GFM Network News



Farmers’ friends: bugs, birds and worms can eat weed seeds before they get a chance to germinate.

Weed control with small critters

Insects, birds and worms are a free – and resistance-free – method of controlling weeds before they get a chance to germinate

The dominance of zero- or minimum-tillage practices on the Prairies means lots of weed seeds are left on the soil after harvest, but it turns out that there’s help available to stop them from germinating next spring, and you don’t have to buy it at your local chemical dealer. “Lowering the deposits into the weed[...]
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Bed bugs are most active at night, and are found in dark crevices and in fabric folds.

Guide Health: Bed bugs – yuck!

Bed bugs are very resilient and can go without feeding for up to 11 months

Bed bugs of the species Cimex lectularius are certainly unpleasant. However, they are not harmful. Bed bugs are parasites, and different types of bed bugs are specific to different species of animals. They feed on blood, and when they do, they inject some of their saliva into the bite. It is this saliva that causes[...]
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Farming insects may solve one problem, create others

Rome | Thomson Reuters Foundation — Insects have great potential as an alternative source of protein, but further research is urgently needed before mass production begins in order to avoid environmental disaster, Swedish researchers warned Monday. There is currently an “overwhelming lack of knowledge” on basic questions such as suitable species, their housing and feed[...]
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Top four pests to watch in canola

There are a lot of insects out there, but damage-causing pests are actually in the minority. Even a few “bad” bugs can be beneficial. “Crops can tolerate a certain level,” said Keith Gabert, agronomy specialist, for the Canola Council of Canada. “And even in some cases, it can benefit from a little bit of insect[...]
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Seven beneficial insects on your farm

When making crop production management decisions, consider beneficial insect populations. These harmless bugs can provide adequate control if their populations are high enough. Some beneficial insects are hard to identify, but with some basic training producers should be able to spot them in the field. The following beneficial insects are found in most crops in[...]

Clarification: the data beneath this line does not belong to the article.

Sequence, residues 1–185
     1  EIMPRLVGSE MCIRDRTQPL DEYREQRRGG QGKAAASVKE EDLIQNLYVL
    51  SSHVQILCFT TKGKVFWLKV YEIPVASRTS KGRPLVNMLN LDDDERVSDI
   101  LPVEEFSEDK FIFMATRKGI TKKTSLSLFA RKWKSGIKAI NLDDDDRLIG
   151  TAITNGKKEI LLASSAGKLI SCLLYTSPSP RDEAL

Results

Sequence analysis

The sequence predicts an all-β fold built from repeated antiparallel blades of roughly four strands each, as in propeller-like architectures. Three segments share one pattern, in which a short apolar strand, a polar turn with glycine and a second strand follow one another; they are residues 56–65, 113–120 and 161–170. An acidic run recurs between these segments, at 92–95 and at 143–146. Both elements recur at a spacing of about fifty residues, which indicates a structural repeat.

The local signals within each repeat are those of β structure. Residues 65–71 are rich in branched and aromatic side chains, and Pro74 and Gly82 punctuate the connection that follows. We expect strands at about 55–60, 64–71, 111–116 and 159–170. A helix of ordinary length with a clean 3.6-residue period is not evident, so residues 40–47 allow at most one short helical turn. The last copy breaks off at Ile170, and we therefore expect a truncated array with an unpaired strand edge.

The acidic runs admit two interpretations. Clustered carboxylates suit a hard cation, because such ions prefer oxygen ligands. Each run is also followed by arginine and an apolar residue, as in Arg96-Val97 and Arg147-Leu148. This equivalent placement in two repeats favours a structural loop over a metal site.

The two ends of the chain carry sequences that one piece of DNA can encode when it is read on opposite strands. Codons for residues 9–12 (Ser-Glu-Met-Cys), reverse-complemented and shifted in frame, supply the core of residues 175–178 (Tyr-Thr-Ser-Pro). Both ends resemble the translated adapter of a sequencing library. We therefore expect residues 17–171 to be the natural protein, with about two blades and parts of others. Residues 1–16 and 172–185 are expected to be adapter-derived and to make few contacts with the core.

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While some protein substitutes may not be as adventurous looking as this tortilla filled with roasted grasshoppers, foods such as cricket powder and cultured proteins are gaining interest with investors and tempting consumer tastes.

Meat-less meat takes a big step closer to becoming mainstream

Terms like “cultured proteins” may not make anyone salivate the way a sizzling steak can, but that’s not stopping Canada’s grocery sector from getting ready for meat-case revolution

Another new President’s Choice product made headlines recently. But who would have guessed what it was this time? Are you ready? It’s cricket powder, now part of Loblaw’s popular private label brand. Last year’s breakthrough seems so much more pedestrian by comparison. It was a vegetarian burger that bleeds like a real meat patty on[...]
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The nature of the crop makes it harder to scout for Western bean cutworm in edible beans than in corn, yet easier to find feeding damage after leaf-drop.

The economics of Western bean cutworm

For bean growers, it turns out this is a very different — and difficult — pest

From year to year, edible bean growers face a variety of challenges, including some that are unique to their particular sector. In the past, they have had to deal with bean leaf beetles and potato leaf hoppers, as well as wireworms and seedcorn maggot. As with other field crops, each new growing season seems to[...]
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Pea leaf weevil has been spreading in Saskatchewan and Alberta in recent years. Seed treatment rather than foliar sprays is recommended for control.

Prairie insect outlook for 2018

Provincial websites offer a wealth of identification and monitoring information which is continually updated through the season

With snow still on the ground as this article is written, it’s difficult to predict how conditions may change over the next few weeks as farmers approach seeding. That said, lower-than-average precipitation across the Prairies over the winter indicates it will take some excessive spring moisture to significantly change the dry conditions that seem likely[...]
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